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The Jewish Federation of Greater Kansas City partnered with JNF to donate a fire truck like this one to the community of Ramla in Israel during one of the intifadas. Retiring President and CEO Todd Stettner is sitting in the fire truck.

For some people, it’s all about creating relationships. Cultivating relationships is something Todd Stettner excelled at during his tenure at the Jewish Federation of Greater Kansas City.

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Benny Harding, chairperson of the 2016 Yom HaShoah commemoration, spoke passionately about his late parents, Dorothy and Harry Harding.

I would guess I have attended about a dozen Yom HaShoah commemoration services since I first began working for The Chronicle in 1988. While I don’t attend every event I am invited to in the community for a variety of reasons, since 2011 I have attended every single one of these services. I am drawn to that event because I think it is important to support our survivors, their families and reinforce the fact that the Holocaust happened.

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Mitzvah Garden volunteers are already out there tilling the soil for the 2016 edition of the garden. Two years ago, a 5,000 square foot orchard was added to the garden. At the time 18 apple, pear and peach trees were planted. Then one additional tree was planted on April 13, 2014. Later that day three people were killed at two Jewish sites. The tree now stands in honor of the three people killed that day and it was unveiled on April 12. Those attending the ceremony included Larry Lehman (from left), Rev. Monica Lewis, Mindy Corporon, Rev. Chuck Pickrel, Gail Weinberg, Bill Bergerson, Sheila Sonnenschein and Steve Mencher.

SPINNING TREE THEATRE PRESENTS ‘AMADEUS’  — The power struggle between two musical geniuses in 18th century Vienna is at the center of Peter Shaffer’s play “Amadeus” that will be presented by Spinning Tree Theatre, April 28 through May 15 at the Arts Asylum, 1000 E. 9th St., Kansas City, Missouri.

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Members of the Jewish community who are not observant may be unaware that the community has an eiruv, a ritual enclosure, that transforms a particular area from a public to a private domain and thus allows people in the community to carry objects and push wheelchairs or strollers in the public areas on Shabbat or holy days. Without the eiruv, these activities would otherwise be forbidden.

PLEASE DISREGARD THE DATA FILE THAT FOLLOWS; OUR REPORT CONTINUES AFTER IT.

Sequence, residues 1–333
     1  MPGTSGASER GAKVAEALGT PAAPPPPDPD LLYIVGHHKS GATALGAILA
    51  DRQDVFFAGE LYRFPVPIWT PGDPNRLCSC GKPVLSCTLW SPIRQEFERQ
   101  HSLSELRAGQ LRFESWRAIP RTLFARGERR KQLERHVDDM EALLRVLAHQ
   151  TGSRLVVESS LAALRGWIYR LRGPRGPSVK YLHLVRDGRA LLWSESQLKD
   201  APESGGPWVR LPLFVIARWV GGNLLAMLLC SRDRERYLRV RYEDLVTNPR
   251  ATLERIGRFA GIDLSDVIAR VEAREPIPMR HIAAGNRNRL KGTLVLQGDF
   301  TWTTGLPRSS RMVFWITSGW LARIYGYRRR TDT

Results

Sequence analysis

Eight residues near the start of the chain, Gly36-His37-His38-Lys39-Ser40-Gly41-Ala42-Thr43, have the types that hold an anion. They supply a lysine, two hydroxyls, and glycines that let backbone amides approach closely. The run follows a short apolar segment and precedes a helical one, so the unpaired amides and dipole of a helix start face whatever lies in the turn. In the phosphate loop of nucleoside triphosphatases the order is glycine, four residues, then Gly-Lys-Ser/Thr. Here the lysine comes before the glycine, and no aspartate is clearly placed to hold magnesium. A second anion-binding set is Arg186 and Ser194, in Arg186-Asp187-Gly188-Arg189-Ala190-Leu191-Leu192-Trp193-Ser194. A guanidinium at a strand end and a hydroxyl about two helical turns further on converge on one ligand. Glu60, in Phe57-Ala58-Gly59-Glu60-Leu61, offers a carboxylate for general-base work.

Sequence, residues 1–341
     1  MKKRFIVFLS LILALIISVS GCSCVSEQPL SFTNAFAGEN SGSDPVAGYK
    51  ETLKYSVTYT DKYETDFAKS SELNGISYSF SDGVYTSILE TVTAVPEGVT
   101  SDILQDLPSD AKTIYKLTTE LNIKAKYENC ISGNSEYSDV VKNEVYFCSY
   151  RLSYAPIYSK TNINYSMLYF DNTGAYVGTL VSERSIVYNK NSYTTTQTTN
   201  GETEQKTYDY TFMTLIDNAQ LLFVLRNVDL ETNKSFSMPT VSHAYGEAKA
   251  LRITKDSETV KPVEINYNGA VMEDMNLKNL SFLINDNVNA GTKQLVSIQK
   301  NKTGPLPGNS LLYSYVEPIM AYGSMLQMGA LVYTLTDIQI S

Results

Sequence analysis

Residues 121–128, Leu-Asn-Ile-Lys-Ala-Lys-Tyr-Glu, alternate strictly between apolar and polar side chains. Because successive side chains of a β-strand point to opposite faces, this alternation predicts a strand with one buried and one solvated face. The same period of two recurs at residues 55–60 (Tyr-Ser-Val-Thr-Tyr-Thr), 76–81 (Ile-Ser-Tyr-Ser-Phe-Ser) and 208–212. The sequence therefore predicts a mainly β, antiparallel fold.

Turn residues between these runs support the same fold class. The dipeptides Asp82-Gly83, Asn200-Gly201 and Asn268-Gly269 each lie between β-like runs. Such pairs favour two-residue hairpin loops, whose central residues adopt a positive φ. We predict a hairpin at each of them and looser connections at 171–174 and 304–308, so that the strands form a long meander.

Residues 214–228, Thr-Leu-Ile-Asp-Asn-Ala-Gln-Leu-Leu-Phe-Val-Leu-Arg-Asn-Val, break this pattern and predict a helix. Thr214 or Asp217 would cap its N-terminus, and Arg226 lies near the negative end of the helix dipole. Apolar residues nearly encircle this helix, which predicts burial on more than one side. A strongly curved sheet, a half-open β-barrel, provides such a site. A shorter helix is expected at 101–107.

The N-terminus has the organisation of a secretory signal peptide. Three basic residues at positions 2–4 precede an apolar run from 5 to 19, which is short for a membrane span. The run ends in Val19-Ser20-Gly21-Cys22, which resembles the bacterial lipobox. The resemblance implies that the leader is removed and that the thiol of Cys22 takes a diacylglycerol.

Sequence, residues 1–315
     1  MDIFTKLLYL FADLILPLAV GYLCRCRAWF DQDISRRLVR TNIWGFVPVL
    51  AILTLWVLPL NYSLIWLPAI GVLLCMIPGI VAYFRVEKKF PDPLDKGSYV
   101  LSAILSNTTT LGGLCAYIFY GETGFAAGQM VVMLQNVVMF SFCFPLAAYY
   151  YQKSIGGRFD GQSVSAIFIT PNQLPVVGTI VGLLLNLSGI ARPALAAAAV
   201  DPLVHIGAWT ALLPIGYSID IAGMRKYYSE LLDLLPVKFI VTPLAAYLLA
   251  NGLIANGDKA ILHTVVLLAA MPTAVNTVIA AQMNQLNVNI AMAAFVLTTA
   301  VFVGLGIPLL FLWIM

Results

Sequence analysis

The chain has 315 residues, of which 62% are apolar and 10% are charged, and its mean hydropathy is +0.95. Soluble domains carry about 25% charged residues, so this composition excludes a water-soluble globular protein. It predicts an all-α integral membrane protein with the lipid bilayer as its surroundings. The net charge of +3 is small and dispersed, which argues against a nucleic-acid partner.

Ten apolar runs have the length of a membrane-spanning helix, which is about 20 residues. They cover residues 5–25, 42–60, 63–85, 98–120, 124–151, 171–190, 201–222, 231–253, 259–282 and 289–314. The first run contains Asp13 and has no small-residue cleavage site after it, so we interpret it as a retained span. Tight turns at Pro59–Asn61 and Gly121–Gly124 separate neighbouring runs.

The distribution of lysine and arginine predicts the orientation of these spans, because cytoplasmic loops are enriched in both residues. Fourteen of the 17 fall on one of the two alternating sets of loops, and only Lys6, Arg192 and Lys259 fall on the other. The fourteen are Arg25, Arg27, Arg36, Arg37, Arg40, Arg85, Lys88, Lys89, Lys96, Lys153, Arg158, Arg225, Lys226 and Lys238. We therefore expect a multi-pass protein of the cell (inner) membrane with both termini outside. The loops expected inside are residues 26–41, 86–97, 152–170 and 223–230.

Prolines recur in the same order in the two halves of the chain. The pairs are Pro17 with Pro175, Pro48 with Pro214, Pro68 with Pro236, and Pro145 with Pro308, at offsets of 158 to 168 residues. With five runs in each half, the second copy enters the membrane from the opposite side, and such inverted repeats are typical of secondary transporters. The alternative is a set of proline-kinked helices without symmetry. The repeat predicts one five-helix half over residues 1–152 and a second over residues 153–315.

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Former Kansas Citian Abe Meth, who at 103 is the oldest congregant at Temple Beth Shalom in Sun City, Arizona, read from the Megillah, the biblical story of Esther at the congregation’s Purim Celebration on March 25. Larry Gorelick, ritual coordinator is to his left. Meth also read the Megillah at Beth El Congregation’s Purim celebration on March 23. (The photo was originally published in Jewish News in Phoenix.) Photo courtesy of Marsha Gratz 

REMARKABLE AT 103 —Jackie Strauss recently visited with Abe Meth in Arizona and said, “It’s quite remarkable that Abe Meth is still the vivacious dynamo that he has been for many years.”

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“Kindness and good will overcome anything,” said 41 Action News Anchor and event emcee Christa Dubill. “We’re here to make a ripple in our city.”

Make a ripple they did.

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Jonathan Leshnoff Photo By Erica Abbey Photography

The Kansas City Symphony will perform the world premiere of composer Jonathan Leshnoff’s Symphony No. 3 from May 20 through May 22 in Helzberg Hall at the Kauffman Center for the Performing Arts. (For ticket information, visit kcsymphony.org or call 816-471-0400.)

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Paige Kuluva

Paige Kuluva, the 2016 Crohn’s & Colitis Take Steps Walk honored hero, was only 9 years old when she was diagnosed with Crohn’s disease. The 13-year-old daughter of Kerry and David Kuluva said she didn’t even realize something was wrong when she was diagnosed. It’s been a rather tough road for her, but now she’s got it under control and is helping the Mid America Chapter-Kansas City Crohn’s & Colitis Foundation of America promote its annual fundraiser, Kansas City Take Steps for Crohn’s & Colitis annual walk, set for Sunday, June 12.

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Jonathan Edelman

When Jonathan Edelman arrived at Clark University four years ago, he intended to major in studio art and follow his passion for photography. What he couldn’t know then was that Clark would help him excel in the medium, and at the same time deepen his passion for learning about history and the Holocaust. Edelman will marry his two interests after graduation in May when he begins a job as curatorial assistant at the U.S. Holocaust Memorial Museum in Washington, D.C.

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Although only receiving funding in the summer of 2015, and not officially open to the community until October 2015, “Priya: A New Fund for Jewish Reproduction” has already helped one family in the Kansas City area to adopt a child. Other families are also in the system waiting to be helped.

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